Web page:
By and  on November 18, 2005

PARIS — Dressed in a fur hat and an olive green trenchcoat — indoors, mind you — John Galliano made a rare public appearance Tuesday night to watch as Christian Dior chief executive officer Sidney Toledano was decorated as a chevalier of the Legion of Honor.

And there was no shortage of star power, with the likes of Karl Lagerfeld, Marisa Berenson, Carla Fendi, Edouard de Rothschild and Albert Frere also among the hundreds gathered in Dior's plush gray salons here.

"It's a very happy moment," said a beaming Bernard Arnault, chairman of LVMH Moët Hennessy Louis Vuitton, repeatedly anointing Toledano as an "exceptional manager" before Renaud Dutreil, France's minister of industry, pinned the red medallion on his lapel.

Arnault underscored the continuity of the house's success by reminding the crowd that Dior himself had shown his first collection in the very same room in 1947. "This is the French talent," he said. "It is what we do best in this country."

Arnault praised Toledano's "passion" for products and his ability to harness the creative juices of designers like Galliano. "This is very complex to manage," he said. "It is important to salute this success."

Berenson called Toledano full of "admirable qualities. Not only is he brilliant at what he does, but he has this amazing charm. Basically, he has everything that is attractive."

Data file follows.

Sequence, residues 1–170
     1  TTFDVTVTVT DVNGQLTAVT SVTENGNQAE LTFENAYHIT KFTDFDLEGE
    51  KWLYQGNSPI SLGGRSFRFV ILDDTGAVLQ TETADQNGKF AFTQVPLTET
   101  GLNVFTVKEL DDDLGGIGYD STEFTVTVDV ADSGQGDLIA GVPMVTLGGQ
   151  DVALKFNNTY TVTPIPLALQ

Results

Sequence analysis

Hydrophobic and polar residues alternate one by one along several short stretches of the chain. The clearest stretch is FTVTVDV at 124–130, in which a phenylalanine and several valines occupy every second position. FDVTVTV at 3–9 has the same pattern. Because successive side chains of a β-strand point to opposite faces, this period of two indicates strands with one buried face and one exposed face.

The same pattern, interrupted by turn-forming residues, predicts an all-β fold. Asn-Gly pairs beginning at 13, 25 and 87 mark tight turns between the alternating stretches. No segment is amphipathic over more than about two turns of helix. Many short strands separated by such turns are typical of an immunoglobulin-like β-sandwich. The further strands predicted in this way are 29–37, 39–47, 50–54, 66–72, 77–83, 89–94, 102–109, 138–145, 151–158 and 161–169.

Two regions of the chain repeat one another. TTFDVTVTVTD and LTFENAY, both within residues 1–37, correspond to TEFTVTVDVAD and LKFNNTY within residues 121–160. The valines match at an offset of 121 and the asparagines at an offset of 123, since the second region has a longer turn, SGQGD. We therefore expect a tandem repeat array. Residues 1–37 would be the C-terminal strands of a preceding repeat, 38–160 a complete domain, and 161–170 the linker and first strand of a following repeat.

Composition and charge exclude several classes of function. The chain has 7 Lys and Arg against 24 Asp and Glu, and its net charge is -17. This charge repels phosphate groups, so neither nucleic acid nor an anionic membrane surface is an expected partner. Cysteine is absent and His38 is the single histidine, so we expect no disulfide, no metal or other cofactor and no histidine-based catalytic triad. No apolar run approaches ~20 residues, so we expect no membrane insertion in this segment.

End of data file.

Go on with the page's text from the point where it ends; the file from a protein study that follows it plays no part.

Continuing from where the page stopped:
Born in Morocco and trained as an engineer, Toledano launched his fashion career at footwear firm Kickers and continued his expertise with leather goods at Lancel before joining Dior in 1994. He was named president in 1998.

The event also drew scores of Toledano's executive peers, including Chanel's Francoise Montenay, Louis Vuitton's Yves Carcelle, Jimmy Choo's Robert Bensoussan, Fendi's Michael Burke and Chloé's Ralph Toledano, who is not related to Sidney but who has been one of his closest friends since grade school.

Meanwhile, Galliano said he just returned from a research trip around France, stunned by the landscapes around Les Baux that inspired Vincent Van Gogh. Still, he found time to do a little shopping, snapping up Madonna's new CD in Avignon, even before it hit shelves in Paris.

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